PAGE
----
Annie Jump Cannon: ‘Computer’ Who Classified the Stars

Annie Jump Cannon was a female astronomer best known for coming up with the current system of stellar classification. Her system — ranking stars as O, B, A, F, G, K or M, with “O” being the hottest stars and “M” the coolest (the sun is a “G” star) — is still used today. She also created a saying — “Oh! Be A Fine Girl – Kiss Me!” — to help astronomers remember the letter sequence.

Cannon began her career as one of several dozen female “computers” – then defined as people who did calculations – hired by Edward Charles Pickering, director of the Harvard College Observatory, to analyze photographic plates of stars — considered unspecialized and tedious work. They were largely unrecognized in their time, but are becoming better-known today for their fundamental contributions to astronomy. [Related: Harvard’s ‘Computers’: The Women Who Measured the Stars]

Cannon was born in December 1863 and studied physics and astronomy at Wellesley College before graduating in 1884. After pursuing other things for a few years – such as photography – she did more advanced studies in astronomy at Wellesley and the Harvard-affiliated female institution, Radcliffe College, according to Britannica.

Cannon joined the group then called “Pickering’s Harem” (which would be considered a derogatory term today) in 1896, where she and others worked on better classifying star spectra on photographic plates. A member of the group, Williamina Fleming, came up with a classification system ranging from letters A to Q based on how strong their hydrogen spectral lines were, Britannica added. This work was refined by another Harvard computer, Antonia Maury.

“Cannon simplified two earlier schemes into one that astronomers still use today. Her classification had just seven letters arranged by decreasing temperature: OBAFGKM,” wrote Air and Space Smithsonian of her work. “Over the course of her life, Cannon classified the spectra of over 350,000 stars — legend has it that she could look at any stellar spectra and classify it in just three seconds.”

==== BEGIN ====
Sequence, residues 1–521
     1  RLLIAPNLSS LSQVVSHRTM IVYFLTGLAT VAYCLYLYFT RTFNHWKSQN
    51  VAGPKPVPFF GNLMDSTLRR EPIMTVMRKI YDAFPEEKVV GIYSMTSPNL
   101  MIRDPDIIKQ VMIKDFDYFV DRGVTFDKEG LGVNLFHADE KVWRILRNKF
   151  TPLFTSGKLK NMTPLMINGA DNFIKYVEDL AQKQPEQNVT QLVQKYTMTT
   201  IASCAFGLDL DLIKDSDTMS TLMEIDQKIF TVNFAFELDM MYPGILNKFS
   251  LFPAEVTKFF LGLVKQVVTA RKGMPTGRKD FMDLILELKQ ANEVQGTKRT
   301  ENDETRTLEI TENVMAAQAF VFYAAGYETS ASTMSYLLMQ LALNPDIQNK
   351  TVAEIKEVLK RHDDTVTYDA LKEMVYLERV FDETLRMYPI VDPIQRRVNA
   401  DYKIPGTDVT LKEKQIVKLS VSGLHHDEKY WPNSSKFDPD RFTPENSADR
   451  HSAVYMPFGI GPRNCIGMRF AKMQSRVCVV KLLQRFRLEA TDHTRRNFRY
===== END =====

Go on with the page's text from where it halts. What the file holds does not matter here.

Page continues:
Her work was published in nine volumes of the Henry Draper Catalogue between 1918-1924, according to Harvard. She also made the Harvard Catalogue of Variable Stars. By 1911, Pickering wanted Cannon to be the curator of astronomical photographs, but the Harvard president of the time refused to add her to the staff list, Harvard added.

Cannon’s appointment was finally made official in 1938. She won multiple awards, including the Henry Draper Medal of the National Academy of Sciences. Cannon retired in 1940 and continued doing research until she died the following year.

While Cannon was one of the more famous female computers at Harvard, critics note that Pickering received much more credit than they did. Pickering was highly decorated in his lifetime, Smithsonian Magazine pointed out, and there are craters named after him on the moon and Mars. Meanwhile, the magazine added, “Annie Jump Cannon’s enduring achievement was dubbed the Harvard – not the Cannon – system of spectral classification.”

Cannon’s spectral classification system is still used today – with a variant. The modern Morgan-Keenan spectral classification system still uses the OBAFGKM sequence, but subdivides each star into a luminosity class to more precisely define its type.

One part of Cannon’s legacy is an “Annie Jump Cannon Award in Astronomy” given by the American Astronomical Society every year to a woman who received her Ph.D. no more than five years ago. Cannon herself established the fund out of prize money she won in her lifetime. The first recipient in 1934 became the first full professor of astronomy at Harvard: Cecilia Payne-Gaposchkin.